In the twenty-first century, drones play a crucial role. Smaller ones can perform reconnaissance, while larger ones can engage the enemy with the ordinance.
In recent years, small drones have made their way onto battlefields where they’ve been used to surveil US forces or drop bombs on them, prompting the US military to develop new ways to take them down.
US Air Force unveiled a new tool that can be stationed at bases around the world: a high-powered microwave system called Tactical High Power Microwave Operational Responder (THOR), which is designed to protect bases against swarms of drones.
The U.S. Air Force, and to be more accurate the Air Force Research Laboratory – scientific research organization operated by the United States Air Force Materiel Command, has disclosed details of the development of a new counter-swarm high power weapon that should cause those with nefarious intentions of using drones against United States forces at U.S. military installations at home or overseas to think twice about such actions.
“The god of thunder would be proud to hear how our team is dealing with small unmanned aircraft systems. They’re doing it, with THOR,” the AFRL tweeted.
AFRL exhibited the technology, called the Tactical High-power Operational Responder (THOR), at the 2019 Air Force Association Air, Space, and Cyber Conference at the Gaylord National Resort and Convention Center, located just across the Potomac River from Washington, D.C. and Virginia, September 16-18.
“THOR is essentially a high-powered electromagnetic source that we put together to specifically defeat drones,” said Stephen Langdon, chief of the High-Powered Microwave Technologies Branch of AFRL’s Directed Energy Directorate.
A demonstration system has been built and tested on military test ranges near Kirtland AFB where it has successfully engaged multiple targets. Further testing against a larger set of drone types in swarming configurations is being planned.
THOR stores completely in a 20-foot transport container, which can easily be transported in a C-130 aircraft. The system can be set up within three hours and has a user interface designed to require very little user training. The technology, which cost roughly $15 million to develop, uses high power electromagnetics to counter electronic effect. When a target is identified, the silent weapon discharges with nearly instantaneous impact.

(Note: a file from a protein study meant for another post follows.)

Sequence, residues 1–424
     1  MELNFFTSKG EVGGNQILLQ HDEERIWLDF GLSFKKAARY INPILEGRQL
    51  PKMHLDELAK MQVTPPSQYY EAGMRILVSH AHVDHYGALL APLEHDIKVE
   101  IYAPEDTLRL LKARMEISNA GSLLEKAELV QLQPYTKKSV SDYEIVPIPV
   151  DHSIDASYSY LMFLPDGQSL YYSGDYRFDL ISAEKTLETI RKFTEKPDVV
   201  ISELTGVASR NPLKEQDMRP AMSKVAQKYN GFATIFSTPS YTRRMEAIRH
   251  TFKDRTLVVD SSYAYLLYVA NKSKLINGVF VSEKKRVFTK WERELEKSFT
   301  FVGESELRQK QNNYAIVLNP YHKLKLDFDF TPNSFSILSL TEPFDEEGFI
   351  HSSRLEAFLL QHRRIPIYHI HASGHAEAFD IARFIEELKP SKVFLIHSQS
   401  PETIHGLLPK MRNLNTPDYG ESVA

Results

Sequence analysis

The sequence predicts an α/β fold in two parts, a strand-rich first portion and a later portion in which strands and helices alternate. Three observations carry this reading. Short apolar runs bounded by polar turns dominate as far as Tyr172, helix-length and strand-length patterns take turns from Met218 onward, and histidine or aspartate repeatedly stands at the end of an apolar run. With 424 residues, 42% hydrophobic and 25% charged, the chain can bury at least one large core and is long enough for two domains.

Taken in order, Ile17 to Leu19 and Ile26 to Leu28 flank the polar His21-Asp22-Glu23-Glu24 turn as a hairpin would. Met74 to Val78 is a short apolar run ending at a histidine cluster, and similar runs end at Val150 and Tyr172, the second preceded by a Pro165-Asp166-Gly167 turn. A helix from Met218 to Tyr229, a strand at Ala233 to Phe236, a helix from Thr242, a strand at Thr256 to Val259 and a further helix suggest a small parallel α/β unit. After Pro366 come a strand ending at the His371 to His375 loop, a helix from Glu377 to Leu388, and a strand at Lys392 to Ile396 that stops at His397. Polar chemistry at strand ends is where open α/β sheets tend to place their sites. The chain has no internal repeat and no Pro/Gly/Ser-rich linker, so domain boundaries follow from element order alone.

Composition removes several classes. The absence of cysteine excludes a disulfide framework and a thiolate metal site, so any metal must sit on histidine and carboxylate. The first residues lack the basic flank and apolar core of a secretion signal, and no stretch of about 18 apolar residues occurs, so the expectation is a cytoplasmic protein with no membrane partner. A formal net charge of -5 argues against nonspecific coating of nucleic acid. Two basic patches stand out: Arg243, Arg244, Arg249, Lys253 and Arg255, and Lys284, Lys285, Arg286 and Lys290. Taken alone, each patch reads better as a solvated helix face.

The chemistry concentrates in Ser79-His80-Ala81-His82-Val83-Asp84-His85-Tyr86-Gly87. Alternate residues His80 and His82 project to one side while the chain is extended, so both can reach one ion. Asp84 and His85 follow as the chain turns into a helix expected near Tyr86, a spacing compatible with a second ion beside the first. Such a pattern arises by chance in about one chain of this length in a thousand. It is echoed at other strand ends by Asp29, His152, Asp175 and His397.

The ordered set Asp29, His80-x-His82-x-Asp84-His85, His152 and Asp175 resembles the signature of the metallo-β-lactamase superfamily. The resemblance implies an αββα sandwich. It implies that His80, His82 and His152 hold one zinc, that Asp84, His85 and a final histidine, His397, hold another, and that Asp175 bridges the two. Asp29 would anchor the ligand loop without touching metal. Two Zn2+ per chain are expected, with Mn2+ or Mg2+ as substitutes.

Rather than being used just as harmless hobby systems, drones can also be employed as weapons intended to cause harm at long standoff ranges. As they become more common and technically mature, it is important that there be a safe way to protect air bases against these threats.
With much of the necessary basic research previously completed at AFRL, THOR was rapidly developed and tested in 18 months.
Although there are other drone defensive systems available, including guns, nets and laser systems, THOR looks to extend the engagement range to effect and decrease the engagement time over these other deterrent devices.
Langdon said the THOR team hopes to transfer the technology to a System Program Office soon in order to get it into the hands of U.S. warfighters as soon as possible.
The Air Force began testing THOR against short-range targets earlier this spring, while another system, the Counter-Electronic High-Power Microwave Extended-Range Air Base Air Defense (CHIMERA) is designed to hit things at medium to long ranges. That system is expected to be delivered sometime next year.
The military predicts that a major problem will be swarms of drones operating in concert when it wouldn’t matter if one or two are taken down. This system is effectively designed to take out a large number of drones all at once and has a further range than bullets or nets. THOR program manager Amber Anderson says that the system “operates like a flashlight,” and that anything caught in the beam “will be taken down … in the blink of an eye.”
Taking out a drone is a difficult proposition: they’re small and difficult to hit with a gun, and if they’re flying over people, there’s a risk that they could be injured by falling debris or pieces of the drone.
That hasn’t stopped people from trying a variety of methods for taking them down, from conventional defensive systems to nets, eagles, and even shotgun-wielding drones. The US Army has begun looking for similar systems.
It invested in a microwave weapon built by Lockheed Martin back in August 2018, while other parts of the Department of Defense have been testing other defensive systems, like lasers, which could be used against drones or missiles.